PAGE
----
Penn Station Repairs Are Halfway Done as Riders Adapt to New Routes


“It’s been very smooth,” Mr. Burke said on Wednesday. “Actually, today, I got there 10 minutes earlier than usual.”

Mr. Burke’s alternative route has become so popular with commuters that on Monday, the Long Island Rail Road added three Brooklyn-bound trains to Jamaica Station. During the morning peak, from 5 a.m. to 9:59 a.m., the number of commuters at Atlantic Terminal increased 50 percent, from 10,000 on an average day to 15,000 to 16,000.

Before the repairs began, Stacey Evans Greenberg, 34, used to take the Long Island Rail Road from Bellmore on Long Island to Penn Station, where she caught the E train north to her office near the Lexington Avenue-53rd Street stop.

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A New York Waterway ferry from New Jersey arrives in Midtown Manhattan.

Credit
Bryan Anselm for The New York Times

She tried the Jamaica Station contingency plan twice, transferring there and riding the E straight to work. “Never again,” Ms. Greenberg said.

“My commute was over two hours,” she said.

The ferries were not a viable option for Ms. Greenberg, who lives in East Meadow. She said they were too far to drive to.

“I don’t think the contingency plan looked enough at where pockets of people live,” she said.

In New Jersey, the alternative bus routes and additional ferry service have been popular, said Charles Ingoglia, a spokesman for New Jersey Transit. Before the repairs began, about 3,950 commuters on the Morris and Essex Lines stopped at the Hoboken Terminal from 6 a.m. to 10 a.m. on an average morning. About 10,000 to 14,000 commuters stop there now during that time.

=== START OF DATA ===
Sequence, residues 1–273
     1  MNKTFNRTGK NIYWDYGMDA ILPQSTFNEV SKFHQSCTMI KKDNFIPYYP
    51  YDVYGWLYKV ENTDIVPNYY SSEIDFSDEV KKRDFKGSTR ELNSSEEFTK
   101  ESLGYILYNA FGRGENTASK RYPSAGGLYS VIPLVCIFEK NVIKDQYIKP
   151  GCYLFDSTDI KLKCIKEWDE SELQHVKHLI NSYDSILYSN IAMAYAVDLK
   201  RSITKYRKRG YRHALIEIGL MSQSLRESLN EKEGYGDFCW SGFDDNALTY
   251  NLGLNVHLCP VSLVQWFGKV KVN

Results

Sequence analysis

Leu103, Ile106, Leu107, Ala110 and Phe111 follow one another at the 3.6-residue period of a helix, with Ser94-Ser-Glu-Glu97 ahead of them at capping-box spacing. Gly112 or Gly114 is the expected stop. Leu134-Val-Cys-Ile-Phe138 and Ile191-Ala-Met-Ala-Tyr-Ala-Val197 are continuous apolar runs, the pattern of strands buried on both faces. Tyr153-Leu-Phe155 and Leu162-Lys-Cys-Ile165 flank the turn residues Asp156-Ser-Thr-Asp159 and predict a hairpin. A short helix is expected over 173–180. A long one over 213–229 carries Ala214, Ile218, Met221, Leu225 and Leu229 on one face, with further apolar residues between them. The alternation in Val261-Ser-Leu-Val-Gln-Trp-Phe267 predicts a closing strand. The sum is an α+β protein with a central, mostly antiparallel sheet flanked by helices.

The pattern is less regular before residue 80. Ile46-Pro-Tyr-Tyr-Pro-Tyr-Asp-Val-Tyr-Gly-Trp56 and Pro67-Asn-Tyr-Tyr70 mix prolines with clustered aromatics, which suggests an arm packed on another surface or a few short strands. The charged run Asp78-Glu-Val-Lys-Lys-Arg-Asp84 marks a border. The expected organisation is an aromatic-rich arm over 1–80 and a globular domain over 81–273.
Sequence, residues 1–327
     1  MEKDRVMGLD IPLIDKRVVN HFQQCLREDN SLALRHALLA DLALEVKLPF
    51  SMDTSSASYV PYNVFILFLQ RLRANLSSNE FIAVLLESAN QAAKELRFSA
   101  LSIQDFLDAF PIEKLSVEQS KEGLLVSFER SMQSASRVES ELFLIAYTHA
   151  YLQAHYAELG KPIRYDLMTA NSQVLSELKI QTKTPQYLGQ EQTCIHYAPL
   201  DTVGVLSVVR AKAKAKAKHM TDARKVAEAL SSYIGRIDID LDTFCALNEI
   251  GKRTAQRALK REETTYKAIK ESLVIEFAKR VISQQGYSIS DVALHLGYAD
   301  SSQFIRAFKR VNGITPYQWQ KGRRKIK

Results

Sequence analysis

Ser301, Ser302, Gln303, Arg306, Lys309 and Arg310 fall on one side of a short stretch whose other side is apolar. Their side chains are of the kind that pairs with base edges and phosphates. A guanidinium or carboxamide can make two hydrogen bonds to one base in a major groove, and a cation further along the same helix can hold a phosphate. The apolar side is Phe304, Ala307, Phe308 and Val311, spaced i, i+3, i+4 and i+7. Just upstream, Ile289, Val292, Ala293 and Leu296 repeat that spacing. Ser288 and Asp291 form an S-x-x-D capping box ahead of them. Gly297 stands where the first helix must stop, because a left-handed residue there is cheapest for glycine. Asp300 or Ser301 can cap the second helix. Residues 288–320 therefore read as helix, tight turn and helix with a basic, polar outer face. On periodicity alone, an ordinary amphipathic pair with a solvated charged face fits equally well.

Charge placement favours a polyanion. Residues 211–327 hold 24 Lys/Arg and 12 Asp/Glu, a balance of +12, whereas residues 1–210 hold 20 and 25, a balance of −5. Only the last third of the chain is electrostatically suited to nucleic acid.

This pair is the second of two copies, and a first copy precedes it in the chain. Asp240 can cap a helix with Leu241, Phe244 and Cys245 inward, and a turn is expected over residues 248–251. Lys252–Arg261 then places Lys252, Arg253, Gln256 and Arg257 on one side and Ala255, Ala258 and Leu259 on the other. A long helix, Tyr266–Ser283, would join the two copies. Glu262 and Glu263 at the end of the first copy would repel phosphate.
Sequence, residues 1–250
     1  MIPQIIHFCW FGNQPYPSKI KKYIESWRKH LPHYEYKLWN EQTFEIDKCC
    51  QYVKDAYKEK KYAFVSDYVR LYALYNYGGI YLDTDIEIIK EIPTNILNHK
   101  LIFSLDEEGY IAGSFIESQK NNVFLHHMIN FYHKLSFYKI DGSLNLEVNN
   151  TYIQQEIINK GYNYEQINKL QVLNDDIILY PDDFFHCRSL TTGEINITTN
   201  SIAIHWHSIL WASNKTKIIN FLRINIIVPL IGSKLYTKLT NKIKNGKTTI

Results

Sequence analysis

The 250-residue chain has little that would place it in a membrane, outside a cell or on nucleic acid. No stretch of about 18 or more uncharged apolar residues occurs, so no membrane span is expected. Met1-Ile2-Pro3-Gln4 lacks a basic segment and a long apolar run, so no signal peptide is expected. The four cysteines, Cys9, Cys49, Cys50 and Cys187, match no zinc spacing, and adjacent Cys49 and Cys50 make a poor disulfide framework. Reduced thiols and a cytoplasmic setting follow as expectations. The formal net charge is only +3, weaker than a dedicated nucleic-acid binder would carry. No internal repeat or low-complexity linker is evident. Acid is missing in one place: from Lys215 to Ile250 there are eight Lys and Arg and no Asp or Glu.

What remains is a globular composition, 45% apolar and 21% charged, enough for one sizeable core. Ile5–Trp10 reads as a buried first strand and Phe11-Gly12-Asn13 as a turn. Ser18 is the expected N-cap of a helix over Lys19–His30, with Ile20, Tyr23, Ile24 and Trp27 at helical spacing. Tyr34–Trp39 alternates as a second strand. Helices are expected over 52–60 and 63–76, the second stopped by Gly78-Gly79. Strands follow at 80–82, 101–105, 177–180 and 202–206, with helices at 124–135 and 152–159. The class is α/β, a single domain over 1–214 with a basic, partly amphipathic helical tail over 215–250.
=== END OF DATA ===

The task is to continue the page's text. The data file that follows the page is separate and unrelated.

The PATH transit system, which has honored New Jersey Transit tickets at three stations — Hoboken, World Trade Center and 33rd Street — has also experienced an increase in ridership, said Scott Ladd, a PATH spokesman. The agency added trains on the Hoboken-33rd Street line during the morning and evening rush hours.

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The PATH train station at 33rd Street.

Credit
Harrison Hill/The New York Times

Patrick Smith, the spokesman for New York Waterway, argued that boats were the most reliable option for commuters.

“I can’t control when your train’s” going to get into Hoboken, Mr. Smith said. “But if you get into Hoboken, you know that every 15 minutes a ferry’s going to leave, and it’s going to take 12 minutes to get to 39th Street, where buses on five routes are waiting for you.”

Whit Waterbury, 64, is one of thousands of New Jersey residents who take the ferry to 39th Street.

“Traveling to New York City or from New York City on the Hudson River?” Mr. Waterbury said. “Nobody should complain about that.”

For Mr. Waterbury, the delays usually begin once he crosses the river.

“A couple of weeks ago, the E train was just dead, and my commute became two hours,” he said. “It’s usually 40 to 45 minutes. The 57th Street bus is a little better, but that adds another half an hour.”

Mary McCabe, 23, who lives in Manhattan, takes the 1 train to Penn Station because she works nearby. The commute has been a “nightmare,” she said.

“Trains are canceled, or delayed,” she said. “It’s been mayhem.”

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